Week 17


Hi everyone,


This is the penultimate week! Sorry for the late post and newsletter- Hopefully the veggies in your bag were identifiable. The color in the trees really started to come out this week. The string of cool wet days seems to have given the trees the nudge. I do love the colors, though I could have done without all that rain. We got quite the deluge this week at the farm! But it gave us time to get the garlic cleaned and Sue made up a bunch of garlic braids to sell at the farm and at the winter farmers' markets in Cazenovia and Nelson starting up in a few weeks.

We've got a nice assortment of fall veggies for you this week, and we'll have some nice full bags for you next week to wrap up the season. If you have any berry boxes still kicking around, we'll gladly take them back and reuse them.

In Your Bag:

Romaine Lettuce

Arugula (Thursday only this week- Tuesday folks will get it next week)

Delicata Squash

Pie Pumpkin

White Onions

Shallots

Specialty Potatoes (great for roasting)

Sweet Peppers

Cilantro

Tomatoes

The Romaine is so sweet right now! We munched a few leaves when we harvested it, and I was instantly craving caesar salad. The potatoes are super cute- they are two varieties new to the farm, and I love how they look together. They are sort of like a fingerling potato, and are similarly waxy and great for roasting. And don't be scared of that pie pumpkin! They will keep for a while on the counter, but the pulp freezes really well, so cook it whenever you have time, and then use it in your pancakes, pie, cookies, or bread whenever you feel like it.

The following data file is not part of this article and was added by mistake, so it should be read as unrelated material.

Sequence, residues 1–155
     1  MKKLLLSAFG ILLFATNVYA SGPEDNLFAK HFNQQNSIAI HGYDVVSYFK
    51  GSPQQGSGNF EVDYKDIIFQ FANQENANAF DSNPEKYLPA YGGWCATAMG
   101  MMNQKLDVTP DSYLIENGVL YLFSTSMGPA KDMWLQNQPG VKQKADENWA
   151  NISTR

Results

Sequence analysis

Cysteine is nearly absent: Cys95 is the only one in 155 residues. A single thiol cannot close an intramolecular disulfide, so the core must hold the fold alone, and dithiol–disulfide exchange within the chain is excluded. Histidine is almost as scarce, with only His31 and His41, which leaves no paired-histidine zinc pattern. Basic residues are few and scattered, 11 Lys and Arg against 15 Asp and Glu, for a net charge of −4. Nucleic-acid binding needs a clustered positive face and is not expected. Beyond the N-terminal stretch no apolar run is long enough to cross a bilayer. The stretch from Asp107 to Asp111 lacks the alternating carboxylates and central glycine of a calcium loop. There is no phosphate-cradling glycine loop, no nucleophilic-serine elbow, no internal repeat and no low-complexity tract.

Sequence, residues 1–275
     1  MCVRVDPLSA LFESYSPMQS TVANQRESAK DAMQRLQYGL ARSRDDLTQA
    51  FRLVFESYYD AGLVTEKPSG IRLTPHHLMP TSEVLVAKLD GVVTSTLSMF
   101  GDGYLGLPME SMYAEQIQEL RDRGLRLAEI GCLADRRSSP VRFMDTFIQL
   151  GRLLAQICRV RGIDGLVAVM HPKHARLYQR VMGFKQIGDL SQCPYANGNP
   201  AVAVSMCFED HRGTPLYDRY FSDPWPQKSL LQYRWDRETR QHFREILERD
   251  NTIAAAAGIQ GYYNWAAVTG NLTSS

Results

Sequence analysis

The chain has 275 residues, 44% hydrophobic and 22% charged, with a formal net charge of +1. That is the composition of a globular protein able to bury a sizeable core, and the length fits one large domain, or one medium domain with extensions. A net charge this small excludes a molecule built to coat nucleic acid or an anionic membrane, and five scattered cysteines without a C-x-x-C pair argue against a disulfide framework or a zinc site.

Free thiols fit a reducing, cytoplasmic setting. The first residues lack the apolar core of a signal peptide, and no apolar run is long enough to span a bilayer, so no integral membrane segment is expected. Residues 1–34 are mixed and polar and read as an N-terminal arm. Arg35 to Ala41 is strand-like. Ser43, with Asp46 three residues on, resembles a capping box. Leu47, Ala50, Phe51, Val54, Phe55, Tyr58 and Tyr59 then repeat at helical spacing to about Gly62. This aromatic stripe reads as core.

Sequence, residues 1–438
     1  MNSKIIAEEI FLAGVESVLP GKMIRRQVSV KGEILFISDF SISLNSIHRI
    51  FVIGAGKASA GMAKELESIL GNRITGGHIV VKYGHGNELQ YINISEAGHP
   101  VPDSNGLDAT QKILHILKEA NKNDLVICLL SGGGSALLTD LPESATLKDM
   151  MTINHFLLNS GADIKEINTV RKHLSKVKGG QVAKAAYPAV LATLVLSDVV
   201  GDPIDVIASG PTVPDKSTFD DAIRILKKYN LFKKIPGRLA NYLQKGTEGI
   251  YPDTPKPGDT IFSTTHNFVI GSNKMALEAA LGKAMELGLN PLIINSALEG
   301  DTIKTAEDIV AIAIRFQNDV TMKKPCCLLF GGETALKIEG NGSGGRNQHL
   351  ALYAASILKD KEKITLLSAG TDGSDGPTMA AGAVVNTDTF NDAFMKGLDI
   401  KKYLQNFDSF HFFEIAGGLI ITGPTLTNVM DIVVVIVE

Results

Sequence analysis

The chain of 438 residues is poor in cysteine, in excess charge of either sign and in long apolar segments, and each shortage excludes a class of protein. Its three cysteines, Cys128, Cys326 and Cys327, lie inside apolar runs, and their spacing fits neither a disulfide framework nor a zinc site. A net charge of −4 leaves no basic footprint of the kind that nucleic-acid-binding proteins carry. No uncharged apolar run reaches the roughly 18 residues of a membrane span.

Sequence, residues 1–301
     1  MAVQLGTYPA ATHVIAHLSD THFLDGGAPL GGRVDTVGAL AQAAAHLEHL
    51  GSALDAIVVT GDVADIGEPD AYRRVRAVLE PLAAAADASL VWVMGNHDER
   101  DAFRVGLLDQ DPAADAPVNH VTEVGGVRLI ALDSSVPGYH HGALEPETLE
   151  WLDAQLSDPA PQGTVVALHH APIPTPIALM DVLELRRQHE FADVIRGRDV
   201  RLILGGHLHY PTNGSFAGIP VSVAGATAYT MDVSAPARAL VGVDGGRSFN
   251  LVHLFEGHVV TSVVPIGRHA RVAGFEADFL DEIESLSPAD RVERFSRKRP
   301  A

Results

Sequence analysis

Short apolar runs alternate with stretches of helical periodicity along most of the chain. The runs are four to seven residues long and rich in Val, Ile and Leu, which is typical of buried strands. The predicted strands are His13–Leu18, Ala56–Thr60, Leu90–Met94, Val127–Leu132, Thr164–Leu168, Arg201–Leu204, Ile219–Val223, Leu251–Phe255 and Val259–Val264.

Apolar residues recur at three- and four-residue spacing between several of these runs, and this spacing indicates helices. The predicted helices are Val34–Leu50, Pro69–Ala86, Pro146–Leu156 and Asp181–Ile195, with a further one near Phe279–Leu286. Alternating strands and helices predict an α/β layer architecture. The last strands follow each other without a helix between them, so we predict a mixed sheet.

Like the other winter squash, to cook a pie pumpkin, you want to cut off the stem, then cut the pumpkin in half from top to bottom. Scoop out the seeds and stringy bits, then bake it in the oven at 350 for about an hour. Or maybe longer. The trick is to cook it long enough so that the flesh is really smooth. If you find that your pumpkin seems stringy, then you probably need to cook it longer. A fork should easily pierce the skin when it's done, and the flesh should easily whip up into a puree by hand. That puree can be frozen or used right away in whatever pumpkiny thing your heart desires.

Here are some other recipes:


1) Gallo Pinto

My favorite easy Costa Rican dinner option, that uses sweet peppers, cilantro and onion.


2) Pumpkin Cookies with Cream Cheese Frosting

I have a bit of weakness for pumpkin cookies... And when you make them with pumpkin puree you cooked yourself, they will taste oh so good


Have a great weekend!

All the best,


Sarah VanNorstrand

for Lucky Moon Farm

sarahcvannorstrand@gmail.com


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